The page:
Galaxy List for the Advanced Detector Era (GLADE)
Gravitational wave (GW) observatories, such as LIGO can not exactly pinpoint the location of the observed GW’s source, so in order to detect any other type of signal (such as light) from the same source an extensive search has to be conducted by regular telescopes. Since the events generating GWs happen in galaxies, we can make this search much faster and easier if we provide a list of possible galaxies, where the event might have happened.
Motivated by this we have created the largest publicly available full-sky catalog of galaxies, named Galaxy List for the Advanced Detector Era, or GLADE, which contains more than 3 million galaxies from our cosmic neighborhood. This is two orders of magnitude more, than the number of galaxies in the catalog previously used by astronomers for the same purpose. I have given multiple presentations in various international scientific conferences about the new methods we have pioneered for galaxy catalog compilation as well as about the final properties of our database.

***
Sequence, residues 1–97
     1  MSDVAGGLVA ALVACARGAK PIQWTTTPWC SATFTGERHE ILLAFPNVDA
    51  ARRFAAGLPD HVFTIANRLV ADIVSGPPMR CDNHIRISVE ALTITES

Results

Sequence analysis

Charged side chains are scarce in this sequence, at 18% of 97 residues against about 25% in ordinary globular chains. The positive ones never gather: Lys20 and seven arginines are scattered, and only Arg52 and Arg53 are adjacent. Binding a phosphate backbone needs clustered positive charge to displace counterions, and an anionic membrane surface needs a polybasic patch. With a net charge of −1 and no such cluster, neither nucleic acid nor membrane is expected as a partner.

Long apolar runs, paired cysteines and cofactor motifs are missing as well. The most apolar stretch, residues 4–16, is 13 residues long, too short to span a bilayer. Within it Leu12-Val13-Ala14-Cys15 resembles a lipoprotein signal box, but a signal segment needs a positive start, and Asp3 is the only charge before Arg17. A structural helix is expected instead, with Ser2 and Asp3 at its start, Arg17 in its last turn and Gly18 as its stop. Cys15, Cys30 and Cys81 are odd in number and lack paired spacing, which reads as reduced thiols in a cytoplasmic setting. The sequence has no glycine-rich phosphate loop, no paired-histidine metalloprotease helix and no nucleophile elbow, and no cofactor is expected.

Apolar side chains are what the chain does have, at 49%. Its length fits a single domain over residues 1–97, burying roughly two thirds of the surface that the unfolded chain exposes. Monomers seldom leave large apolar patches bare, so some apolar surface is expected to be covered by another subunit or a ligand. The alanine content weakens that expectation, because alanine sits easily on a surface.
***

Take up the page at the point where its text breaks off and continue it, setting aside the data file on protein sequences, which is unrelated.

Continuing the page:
The astronomer partners of the LIGO-Virgo Collaboration began using GLADE at 2017, and it had a crucial role in the famous discovery of the GW170817 gravitational-wave signal. This one was the first GW signal observed from the coalescence of two neutron stars, and so far the only one where an electromagnetic counterpart was found. After the GW detection we have promptly sent the possible list of host galaxies based on GLADE to 70 earth- and space based observatories, who have found the source in a couple of hours. Most of the independent discoverers used our catalog for this historical observation.